Touchstone: A Journal of Mere Christianity
“Love Came Down” first appeared in the Nov/Dec 2014 issue of Touchstone.
Love Came Down
Anthony Esolen on Christian Hymns
One of the few columns of a Christian culture that still stands in the secular city is Dickens' A Christmas Carol. Everyone knows, or supposes, that Scrooge's problem was greed, and that Bob Cratchit's problem was poverty. Everyone knows, or supposes, that the whole aim of the three Ghosts of Christmas was to loosen up Scrooge's claw-hold on his purse, so that he might give a little to Bob Cratchit and his struggling family. That's why the strangely unpleasant film Scrooge ends with Albert Finney, a miser turned prodigal, shoveling out coins everywhere, looking like that old confidence man Santa Claus, with a jollity approaching the manic.
But Dickens' novel is not centrally about increasing your charitable donations. It is about the coming to life of a dead soul. There is an Easter in his Christmas. "I am quite a baby," says Scrooge the reborn, on that Christmas morning. Dickens has set his face like flint against all the paths of death, which is to say against all systems that reduce human beings to consumers, or to providers of goods, or to counters in a fearful utilitarian reckoning.
If you are someone who thinks for one moment that it might be "better" for everyone concerned if that child with Down syndrome is snuffed in the womb, Dickens has you ranged with far worse than Scrooge. Do you believe that the poor recipients of your giving ought to be rated according to how much of a utilitarian "return" they can give back? Kindly take your place among Dickens' other ideologues, parasites, extortionists, and villains, who regard their brothers and sisters as if they were members of a completely different species. Christmas is no holiday for followers of Malthus or Bentham.
"Love is not love," says Shakespeare, "which alters when it alteration finds, / Or bends with the remover to remove." Love does not tally advantages. It does not count the cost. We cannot say without contradicting ourselves, "I shall now consider how deeply I shall love you, adjusting the degree to my needs and circumstances." We cannot say without contradicting ourselves, "If you grow twice as wealthy, I shall love you twice as much."
Max Scheler says that Jesus praised the widow who gave her mite, not because it was a relatively large percentage of her means, but because it was a greater token of her love. We do not want "love" so that there will be more charitable giving. Love, says Scheler, is its own end: it is what we want more of; we want that there should be more love in the world.
Gift & Sign
Which brings me to a beautiful little carol by one of Dickens' contemporaries, Christina Rossetti. Most of us know her haunting "In the Bleak Midwinter."This one, "Love Came Down at Christmas"(set to the childlike Irish melody, Garton), is in the same spirit, but is even simpler, one might say simple in its intensity. Miss Rossetti has one thing in mind: love. She will not let our attention stray from that. Jesus loves us, true enough. But he is himself Love:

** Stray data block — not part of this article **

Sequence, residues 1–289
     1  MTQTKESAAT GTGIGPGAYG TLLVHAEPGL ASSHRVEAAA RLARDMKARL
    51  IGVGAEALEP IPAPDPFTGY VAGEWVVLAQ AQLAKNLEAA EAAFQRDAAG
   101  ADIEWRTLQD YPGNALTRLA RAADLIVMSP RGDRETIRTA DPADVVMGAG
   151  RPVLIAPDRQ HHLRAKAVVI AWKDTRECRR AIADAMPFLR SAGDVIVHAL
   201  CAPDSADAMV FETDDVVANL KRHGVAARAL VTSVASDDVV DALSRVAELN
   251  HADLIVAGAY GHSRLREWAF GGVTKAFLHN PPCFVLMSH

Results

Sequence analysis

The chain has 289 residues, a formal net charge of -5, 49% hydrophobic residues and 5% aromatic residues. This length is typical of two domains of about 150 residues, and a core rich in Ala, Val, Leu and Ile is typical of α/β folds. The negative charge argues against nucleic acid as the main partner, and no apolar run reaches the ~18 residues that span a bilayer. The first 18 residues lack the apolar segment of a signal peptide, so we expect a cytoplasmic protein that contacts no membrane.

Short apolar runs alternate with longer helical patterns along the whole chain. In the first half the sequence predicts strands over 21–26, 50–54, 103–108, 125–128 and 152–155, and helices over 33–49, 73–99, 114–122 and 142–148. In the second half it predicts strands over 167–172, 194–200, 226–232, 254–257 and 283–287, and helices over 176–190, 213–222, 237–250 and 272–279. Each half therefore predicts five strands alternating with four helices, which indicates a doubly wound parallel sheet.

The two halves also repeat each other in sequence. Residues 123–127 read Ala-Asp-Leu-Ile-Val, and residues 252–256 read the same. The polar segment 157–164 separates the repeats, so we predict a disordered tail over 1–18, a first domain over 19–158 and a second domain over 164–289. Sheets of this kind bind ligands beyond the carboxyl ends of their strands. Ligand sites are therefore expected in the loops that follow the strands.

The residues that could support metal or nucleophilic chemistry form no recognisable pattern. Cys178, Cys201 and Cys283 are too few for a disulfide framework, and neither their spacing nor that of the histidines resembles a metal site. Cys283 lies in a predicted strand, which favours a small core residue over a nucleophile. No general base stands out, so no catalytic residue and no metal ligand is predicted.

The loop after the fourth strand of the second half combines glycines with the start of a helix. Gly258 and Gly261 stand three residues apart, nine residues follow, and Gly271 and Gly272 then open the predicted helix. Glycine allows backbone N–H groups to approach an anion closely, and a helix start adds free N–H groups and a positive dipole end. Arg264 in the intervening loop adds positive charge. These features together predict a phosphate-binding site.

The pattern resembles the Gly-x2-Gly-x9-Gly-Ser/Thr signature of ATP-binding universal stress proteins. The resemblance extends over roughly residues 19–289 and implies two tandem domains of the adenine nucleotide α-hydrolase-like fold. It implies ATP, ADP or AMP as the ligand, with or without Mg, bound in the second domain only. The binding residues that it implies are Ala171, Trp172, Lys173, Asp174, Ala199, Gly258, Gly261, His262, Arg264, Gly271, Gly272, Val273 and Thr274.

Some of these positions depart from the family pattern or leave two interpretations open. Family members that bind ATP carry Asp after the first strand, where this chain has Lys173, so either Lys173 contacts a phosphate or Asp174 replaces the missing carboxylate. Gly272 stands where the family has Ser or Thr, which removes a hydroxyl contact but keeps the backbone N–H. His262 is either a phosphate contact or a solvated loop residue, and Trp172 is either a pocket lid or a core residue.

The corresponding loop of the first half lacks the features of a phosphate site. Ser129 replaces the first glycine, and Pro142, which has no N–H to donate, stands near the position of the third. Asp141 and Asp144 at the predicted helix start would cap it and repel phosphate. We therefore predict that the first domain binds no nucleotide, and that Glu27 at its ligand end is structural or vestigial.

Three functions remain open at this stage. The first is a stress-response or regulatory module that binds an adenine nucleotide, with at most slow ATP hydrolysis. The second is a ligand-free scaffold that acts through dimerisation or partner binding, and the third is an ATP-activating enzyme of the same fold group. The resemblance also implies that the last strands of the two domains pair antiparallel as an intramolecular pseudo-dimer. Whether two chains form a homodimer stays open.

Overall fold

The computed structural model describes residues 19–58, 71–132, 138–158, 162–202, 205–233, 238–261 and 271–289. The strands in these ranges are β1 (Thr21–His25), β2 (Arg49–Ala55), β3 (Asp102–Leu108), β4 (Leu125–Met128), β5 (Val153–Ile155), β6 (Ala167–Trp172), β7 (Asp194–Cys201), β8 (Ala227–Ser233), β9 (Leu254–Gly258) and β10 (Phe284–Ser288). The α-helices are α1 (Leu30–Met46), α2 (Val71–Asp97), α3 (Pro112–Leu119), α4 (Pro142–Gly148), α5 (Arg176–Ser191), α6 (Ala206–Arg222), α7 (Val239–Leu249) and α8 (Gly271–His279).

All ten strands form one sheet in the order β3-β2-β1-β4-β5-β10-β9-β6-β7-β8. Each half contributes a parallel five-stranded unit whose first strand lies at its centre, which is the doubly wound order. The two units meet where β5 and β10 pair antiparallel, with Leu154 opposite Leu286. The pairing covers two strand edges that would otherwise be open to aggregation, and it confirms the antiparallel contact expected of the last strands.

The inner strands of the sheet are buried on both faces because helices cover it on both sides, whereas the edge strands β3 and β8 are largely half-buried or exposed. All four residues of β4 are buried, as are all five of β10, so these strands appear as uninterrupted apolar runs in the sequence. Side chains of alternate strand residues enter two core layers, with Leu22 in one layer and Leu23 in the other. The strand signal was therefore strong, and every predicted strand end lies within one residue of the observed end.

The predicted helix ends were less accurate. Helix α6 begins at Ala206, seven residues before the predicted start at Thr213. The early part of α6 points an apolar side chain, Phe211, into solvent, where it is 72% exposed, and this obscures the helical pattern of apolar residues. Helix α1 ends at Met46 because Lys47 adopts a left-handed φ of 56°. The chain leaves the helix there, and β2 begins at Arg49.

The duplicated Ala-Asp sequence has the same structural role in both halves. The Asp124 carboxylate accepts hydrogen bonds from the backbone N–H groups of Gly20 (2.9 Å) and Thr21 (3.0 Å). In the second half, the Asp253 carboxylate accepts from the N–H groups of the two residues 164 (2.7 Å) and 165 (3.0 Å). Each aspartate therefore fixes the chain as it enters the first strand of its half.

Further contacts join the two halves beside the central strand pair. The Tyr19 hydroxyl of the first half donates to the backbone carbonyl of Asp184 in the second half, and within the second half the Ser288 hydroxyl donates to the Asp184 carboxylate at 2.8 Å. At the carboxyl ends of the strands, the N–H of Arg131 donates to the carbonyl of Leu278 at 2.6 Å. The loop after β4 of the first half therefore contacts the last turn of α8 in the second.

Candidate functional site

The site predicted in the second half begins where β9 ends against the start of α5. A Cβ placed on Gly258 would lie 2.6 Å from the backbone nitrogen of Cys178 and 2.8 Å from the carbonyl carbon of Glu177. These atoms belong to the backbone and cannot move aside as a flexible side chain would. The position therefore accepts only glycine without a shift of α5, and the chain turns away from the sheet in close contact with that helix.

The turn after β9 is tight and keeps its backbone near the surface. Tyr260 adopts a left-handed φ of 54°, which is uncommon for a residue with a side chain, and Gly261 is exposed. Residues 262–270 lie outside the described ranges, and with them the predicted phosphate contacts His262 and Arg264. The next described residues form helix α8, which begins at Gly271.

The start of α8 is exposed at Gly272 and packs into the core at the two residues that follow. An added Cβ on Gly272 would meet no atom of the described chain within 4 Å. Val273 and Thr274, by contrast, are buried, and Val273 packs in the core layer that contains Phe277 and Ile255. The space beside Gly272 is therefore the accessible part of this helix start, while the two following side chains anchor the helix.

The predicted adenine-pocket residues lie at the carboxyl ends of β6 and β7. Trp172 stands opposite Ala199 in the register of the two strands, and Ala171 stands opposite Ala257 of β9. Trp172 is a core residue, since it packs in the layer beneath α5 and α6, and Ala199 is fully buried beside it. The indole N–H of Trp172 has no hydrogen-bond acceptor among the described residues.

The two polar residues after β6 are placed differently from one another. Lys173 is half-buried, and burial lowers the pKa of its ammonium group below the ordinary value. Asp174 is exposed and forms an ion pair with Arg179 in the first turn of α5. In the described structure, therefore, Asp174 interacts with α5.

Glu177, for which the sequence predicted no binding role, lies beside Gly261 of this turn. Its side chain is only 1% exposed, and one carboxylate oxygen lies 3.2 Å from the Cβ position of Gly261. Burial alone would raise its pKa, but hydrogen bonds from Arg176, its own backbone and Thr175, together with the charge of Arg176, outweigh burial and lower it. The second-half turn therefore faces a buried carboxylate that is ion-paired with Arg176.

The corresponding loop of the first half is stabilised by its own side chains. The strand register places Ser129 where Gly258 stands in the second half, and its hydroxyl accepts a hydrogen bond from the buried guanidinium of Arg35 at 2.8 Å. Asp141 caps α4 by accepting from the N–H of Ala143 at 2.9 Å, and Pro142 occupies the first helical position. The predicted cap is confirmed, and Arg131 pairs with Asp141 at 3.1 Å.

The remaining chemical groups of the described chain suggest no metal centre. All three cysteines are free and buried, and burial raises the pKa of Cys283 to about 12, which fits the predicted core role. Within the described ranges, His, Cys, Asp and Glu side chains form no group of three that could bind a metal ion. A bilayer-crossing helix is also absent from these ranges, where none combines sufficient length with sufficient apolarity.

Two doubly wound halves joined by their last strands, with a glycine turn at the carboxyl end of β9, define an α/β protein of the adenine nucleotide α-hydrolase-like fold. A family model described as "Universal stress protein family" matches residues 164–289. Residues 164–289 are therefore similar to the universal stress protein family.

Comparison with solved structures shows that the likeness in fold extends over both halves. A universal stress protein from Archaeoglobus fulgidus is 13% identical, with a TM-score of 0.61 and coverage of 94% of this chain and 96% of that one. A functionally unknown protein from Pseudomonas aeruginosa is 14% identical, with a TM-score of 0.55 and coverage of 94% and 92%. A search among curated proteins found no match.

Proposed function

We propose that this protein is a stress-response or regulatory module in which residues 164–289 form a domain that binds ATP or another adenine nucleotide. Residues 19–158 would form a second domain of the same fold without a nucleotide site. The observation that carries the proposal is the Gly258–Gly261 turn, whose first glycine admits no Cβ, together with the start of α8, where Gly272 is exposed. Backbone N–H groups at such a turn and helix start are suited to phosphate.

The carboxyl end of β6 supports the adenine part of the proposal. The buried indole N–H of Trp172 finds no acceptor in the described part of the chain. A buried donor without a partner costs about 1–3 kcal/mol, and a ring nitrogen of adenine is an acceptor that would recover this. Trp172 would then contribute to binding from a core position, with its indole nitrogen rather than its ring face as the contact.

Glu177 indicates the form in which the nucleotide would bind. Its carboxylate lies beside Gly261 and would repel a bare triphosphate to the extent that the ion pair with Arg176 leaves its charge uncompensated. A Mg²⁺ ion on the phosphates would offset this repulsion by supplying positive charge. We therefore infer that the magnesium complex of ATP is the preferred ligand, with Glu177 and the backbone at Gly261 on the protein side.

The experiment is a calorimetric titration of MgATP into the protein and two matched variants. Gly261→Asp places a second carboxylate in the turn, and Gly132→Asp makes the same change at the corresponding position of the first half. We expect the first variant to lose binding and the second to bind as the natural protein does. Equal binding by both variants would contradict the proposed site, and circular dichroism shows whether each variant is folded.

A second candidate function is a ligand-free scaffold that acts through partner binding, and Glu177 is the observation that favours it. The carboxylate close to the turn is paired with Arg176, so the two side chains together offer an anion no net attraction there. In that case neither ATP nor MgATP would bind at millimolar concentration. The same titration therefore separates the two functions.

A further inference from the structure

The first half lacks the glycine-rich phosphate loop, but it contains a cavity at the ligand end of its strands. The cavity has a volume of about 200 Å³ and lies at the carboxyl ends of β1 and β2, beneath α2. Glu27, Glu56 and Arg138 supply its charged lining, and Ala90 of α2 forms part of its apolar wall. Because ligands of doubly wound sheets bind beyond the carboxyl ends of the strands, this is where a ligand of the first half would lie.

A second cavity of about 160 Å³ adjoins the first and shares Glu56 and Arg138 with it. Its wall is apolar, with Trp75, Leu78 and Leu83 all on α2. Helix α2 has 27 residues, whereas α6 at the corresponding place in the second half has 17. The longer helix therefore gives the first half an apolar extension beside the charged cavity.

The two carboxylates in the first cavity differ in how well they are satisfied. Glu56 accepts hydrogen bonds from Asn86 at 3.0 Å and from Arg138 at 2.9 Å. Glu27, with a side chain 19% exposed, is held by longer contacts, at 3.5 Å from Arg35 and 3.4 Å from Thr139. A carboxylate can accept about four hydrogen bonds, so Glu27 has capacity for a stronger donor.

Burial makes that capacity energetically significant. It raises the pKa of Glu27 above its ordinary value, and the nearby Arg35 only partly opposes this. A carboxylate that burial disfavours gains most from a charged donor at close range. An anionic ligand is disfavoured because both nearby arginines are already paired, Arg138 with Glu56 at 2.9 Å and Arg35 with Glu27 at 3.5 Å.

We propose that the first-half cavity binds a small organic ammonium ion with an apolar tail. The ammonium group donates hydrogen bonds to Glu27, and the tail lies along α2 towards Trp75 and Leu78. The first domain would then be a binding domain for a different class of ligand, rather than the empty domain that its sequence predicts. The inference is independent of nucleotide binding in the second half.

Think of that line. Don't toss it away. Don't dismiss it as a poetic flourish. Love was born at Christmas. That is quite literally true; Jesus, who is Love, was born at Christmas. But it is more than a theological claim. It proclaims the world-shattering event, the new thing that has happened in an old and dying world, a sinful and wintry world. The sign? A star to the magi, an angel to the shepherds. To the important utilitarians of the world, what sign could penetrate that tortoise shell of the skull? Nothing, nothing but second-hand rumors of something or other in the countryside.
We come to that Child to adore:
"What can I give him?" she asked in her other carol. The question here is similar. What can we possibly bring as a sacred sign that we acknowledge his divinity? We have no star in our pocket, no angel ready at our bidding.
The answer, in the final stanza, is so simple and so profound, to explain it to a utilitarian would be like explaining Giotto to an earwig. Rossetti has set up her stanzas so that they rhyme with one another, each of them ending on the word "sign."The first two stanzas rhyme on the word Divine, but now we ourselves, in the rhyme, are brought into company with that divinity:
Bending the Knee in Love
The gift of Love brings us into the life of giving. Adoring Jesus, we bend the knee in love, and then all men to us are brother shepherds on the hillside, brother stargazers on the caravan. We plead for love, and we give love, and that love is itself the mighty star in the night sky, and the angel herald proclaiming good tidings of great joy. •
Anthony Esolen is Professor of English at Providence College in Providence, Rhode Island, and the author of The Ironies of Faith (ISI Books), The Politically Incorrect Guide to Western Civilization (Regnery), and Ten Ways to Destroy the Imagination of Your Child (ISI Books). He has also translated Tasso's Gerusalemme liberata (Johns Hopkins Press) and Dante's The Divine Comedy (Random House). He is a senior editor of Touchstone.
“Love Came Down” first appeared in the Nov/Dec 2014 issue of Touchstone. If you enjoyed this article, you'll find more of the same in every issue. Support the work of Touchstone by subscribing today!
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